There are neighborhoods and then there are great neighborhoods; neighborhoods are the cul-de-sac communities you find out in the suburbs, great neighborhoods are the moderately dense, diverse, unique parts of the city that are so entwined with the way cities operate the neighborhood almost seems natural, like it has been there for thousands of years. Those great neighborhoods not only provide a greater sense of community and therefore are generally a much better place to live, but are also a carbon efficient way to live. One large reason a lot of people do not live in great urban neighborhoods and instead move out into the suburbs, is because they cannot afford it. However, these people fail to realize, that the car they drive is the thing which is keeping them from being able to afford that great neighborhood. Theoretically it’s simply based on the bid-rent-theory which states that the further out from a cities node land is, land becomes cheaper due to the increased costs in transportation and accessibility. Once you live in that great neighborhood, you can walk to the grocery store, run errands, use public transportation or walk to work and live near your friends and family, the same goes for your kids as well, so your transportation cost go down.

Based on a 2008 study by Experian of American households who own a least one car, those households on average own 2.28 cars. I understand that a family may need one car and that is totally reasonable, but 2.28, well if they lived in that great neighborhood they most likely would not need it. However, they don’t live in the great neighborhood because they cannot afford it but that is because they are analyzing what they can afford based on the fact that they have 2.28 cars. Every year AAA releases the average annual costs for an American to own a car and I decided to take it a bit further. What if you took that annual ownership and discounted it over the life of a typical mortgage, how much is that extra 1.28 cars worth and how much more could they afford to spend on a home in a great neighborhood where they only need one car instead of 2.28.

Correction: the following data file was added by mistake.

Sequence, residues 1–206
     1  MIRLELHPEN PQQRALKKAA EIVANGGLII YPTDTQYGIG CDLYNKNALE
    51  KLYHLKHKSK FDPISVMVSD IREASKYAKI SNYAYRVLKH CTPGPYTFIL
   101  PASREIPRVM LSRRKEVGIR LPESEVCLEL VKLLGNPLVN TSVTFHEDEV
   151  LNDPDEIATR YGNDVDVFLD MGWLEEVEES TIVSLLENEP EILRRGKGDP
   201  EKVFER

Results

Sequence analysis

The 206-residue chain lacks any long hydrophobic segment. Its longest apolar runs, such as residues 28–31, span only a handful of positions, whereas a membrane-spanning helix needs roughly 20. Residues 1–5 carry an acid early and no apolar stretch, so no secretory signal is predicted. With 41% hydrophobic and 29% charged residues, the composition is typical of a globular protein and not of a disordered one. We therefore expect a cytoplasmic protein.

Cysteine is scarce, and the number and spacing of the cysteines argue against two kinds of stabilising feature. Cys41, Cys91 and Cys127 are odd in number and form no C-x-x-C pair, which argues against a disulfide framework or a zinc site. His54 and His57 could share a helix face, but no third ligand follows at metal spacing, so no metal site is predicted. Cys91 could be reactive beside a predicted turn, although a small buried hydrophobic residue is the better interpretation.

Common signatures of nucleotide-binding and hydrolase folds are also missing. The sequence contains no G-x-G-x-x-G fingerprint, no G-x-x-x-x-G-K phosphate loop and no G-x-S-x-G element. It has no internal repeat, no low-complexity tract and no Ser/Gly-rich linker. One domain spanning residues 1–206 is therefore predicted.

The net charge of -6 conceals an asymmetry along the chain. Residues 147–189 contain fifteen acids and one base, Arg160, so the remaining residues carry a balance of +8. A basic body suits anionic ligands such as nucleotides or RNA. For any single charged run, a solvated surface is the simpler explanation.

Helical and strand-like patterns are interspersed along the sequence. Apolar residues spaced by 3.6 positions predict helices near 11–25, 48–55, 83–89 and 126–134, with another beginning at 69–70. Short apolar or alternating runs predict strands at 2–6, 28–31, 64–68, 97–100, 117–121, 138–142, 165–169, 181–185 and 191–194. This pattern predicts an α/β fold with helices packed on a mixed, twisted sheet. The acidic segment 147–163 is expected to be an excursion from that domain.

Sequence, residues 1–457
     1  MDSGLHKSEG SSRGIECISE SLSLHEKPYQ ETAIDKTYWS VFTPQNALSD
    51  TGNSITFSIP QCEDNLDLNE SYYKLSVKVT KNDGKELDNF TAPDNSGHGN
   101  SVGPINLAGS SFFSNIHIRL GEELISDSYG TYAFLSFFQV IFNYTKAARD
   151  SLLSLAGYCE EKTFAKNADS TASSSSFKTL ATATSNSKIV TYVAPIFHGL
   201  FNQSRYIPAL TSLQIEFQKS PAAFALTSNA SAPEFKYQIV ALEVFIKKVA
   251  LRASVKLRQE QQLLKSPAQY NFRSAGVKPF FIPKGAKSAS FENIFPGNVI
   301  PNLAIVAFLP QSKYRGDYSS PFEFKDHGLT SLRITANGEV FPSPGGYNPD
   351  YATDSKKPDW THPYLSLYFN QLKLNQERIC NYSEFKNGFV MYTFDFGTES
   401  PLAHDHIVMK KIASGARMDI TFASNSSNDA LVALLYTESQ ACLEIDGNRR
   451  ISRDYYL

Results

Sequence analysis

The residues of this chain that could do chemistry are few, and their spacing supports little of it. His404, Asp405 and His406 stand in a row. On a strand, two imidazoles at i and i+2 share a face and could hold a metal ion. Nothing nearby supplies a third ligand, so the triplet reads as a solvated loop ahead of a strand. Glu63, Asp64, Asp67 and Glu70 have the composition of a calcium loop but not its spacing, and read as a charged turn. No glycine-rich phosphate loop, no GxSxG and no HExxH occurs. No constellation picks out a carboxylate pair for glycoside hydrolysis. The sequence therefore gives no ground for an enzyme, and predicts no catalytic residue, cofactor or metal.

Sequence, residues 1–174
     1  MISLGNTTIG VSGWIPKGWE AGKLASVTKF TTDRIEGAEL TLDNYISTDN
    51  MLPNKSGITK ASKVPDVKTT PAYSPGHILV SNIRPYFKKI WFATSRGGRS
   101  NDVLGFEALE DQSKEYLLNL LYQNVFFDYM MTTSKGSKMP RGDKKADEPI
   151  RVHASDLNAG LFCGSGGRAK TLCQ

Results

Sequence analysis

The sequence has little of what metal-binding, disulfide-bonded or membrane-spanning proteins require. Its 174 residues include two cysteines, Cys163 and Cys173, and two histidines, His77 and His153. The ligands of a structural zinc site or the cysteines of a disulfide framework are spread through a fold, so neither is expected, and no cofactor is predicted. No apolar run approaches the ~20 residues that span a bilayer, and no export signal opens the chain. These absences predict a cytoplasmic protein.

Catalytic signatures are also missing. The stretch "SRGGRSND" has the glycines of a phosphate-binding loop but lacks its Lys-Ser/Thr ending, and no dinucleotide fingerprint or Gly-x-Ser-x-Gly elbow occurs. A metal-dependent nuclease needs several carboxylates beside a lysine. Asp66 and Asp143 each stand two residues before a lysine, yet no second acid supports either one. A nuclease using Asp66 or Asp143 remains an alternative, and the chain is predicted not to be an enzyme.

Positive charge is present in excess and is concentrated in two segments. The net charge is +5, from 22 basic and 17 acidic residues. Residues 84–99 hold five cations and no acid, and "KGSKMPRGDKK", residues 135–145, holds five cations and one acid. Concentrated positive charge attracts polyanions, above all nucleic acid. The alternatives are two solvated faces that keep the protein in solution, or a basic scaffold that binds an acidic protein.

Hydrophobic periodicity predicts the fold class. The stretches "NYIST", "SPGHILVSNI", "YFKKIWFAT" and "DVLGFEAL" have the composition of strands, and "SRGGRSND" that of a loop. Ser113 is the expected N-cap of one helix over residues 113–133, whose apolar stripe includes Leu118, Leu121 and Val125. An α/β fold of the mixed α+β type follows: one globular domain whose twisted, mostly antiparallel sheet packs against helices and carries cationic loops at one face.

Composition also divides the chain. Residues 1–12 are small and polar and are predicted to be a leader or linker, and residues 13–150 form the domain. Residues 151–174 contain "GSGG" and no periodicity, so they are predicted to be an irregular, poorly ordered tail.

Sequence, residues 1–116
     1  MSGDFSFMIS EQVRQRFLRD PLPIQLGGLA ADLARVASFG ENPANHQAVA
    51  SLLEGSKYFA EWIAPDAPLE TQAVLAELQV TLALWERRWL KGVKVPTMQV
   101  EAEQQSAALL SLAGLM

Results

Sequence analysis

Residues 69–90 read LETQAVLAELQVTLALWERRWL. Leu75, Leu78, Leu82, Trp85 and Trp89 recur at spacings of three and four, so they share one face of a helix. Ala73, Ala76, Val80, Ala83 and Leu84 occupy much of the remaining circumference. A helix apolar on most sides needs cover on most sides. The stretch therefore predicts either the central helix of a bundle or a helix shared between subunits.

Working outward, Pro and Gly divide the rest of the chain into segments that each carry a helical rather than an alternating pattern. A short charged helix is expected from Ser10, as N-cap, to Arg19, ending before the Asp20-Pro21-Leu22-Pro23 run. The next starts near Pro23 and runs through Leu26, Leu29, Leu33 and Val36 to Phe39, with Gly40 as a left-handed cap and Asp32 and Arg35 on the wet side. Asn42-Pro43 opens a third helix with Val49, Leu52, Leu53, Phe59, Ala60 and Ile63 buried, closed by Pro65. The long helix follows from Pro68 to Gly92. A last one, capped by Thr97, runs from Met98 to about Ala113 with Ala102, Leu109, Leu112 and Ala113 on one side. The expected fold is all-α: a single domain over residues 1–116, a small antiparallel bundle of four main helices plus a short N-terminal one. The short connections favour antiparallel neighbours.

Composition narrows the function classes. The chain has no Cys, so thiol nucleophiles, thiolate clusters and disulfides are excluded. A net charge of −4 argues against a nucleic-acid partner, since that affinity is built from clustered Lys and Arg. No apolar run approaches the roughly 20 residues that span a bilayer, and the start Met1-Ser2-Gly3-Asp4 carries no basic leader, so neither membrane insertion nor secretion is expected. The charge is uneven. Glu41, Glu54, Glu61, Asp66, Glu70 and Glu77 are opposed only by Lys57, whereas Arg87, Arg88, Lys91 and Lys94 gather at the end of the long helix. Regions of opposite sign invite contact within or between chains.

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I doubt the average American household considers all these elements and realizes they could afford to spend $186k more on housing if they only had one car, which is sad because those 1.28 cars are probably ruining the quality of their lives a little bit, they just don’t realize it since they don’t live in a great neighborhood. Realistically the present value of getting rid of those 1.28 cars is also probably greater than $186k, annual car cost are not going to stay flat at ~$11k, they will most likely rise, therefore the present value savings of getting rid of those cars is even greater but trying to forecast 30 years of inflation is a path I don’t want to wander down.

So get rid of that car and go live somewhere great!

 

Sources:

http://www.aaaexchange.com/Assets/Files/201145734460.DrivingCosts2011.pdf

http://www.fhwa.dot.gov/ohim/onh00/bar8.htm

http://press.experian.com/united-states/Press-Release/new-study-shows-multiple-cars-are-king-in-american-households.aspx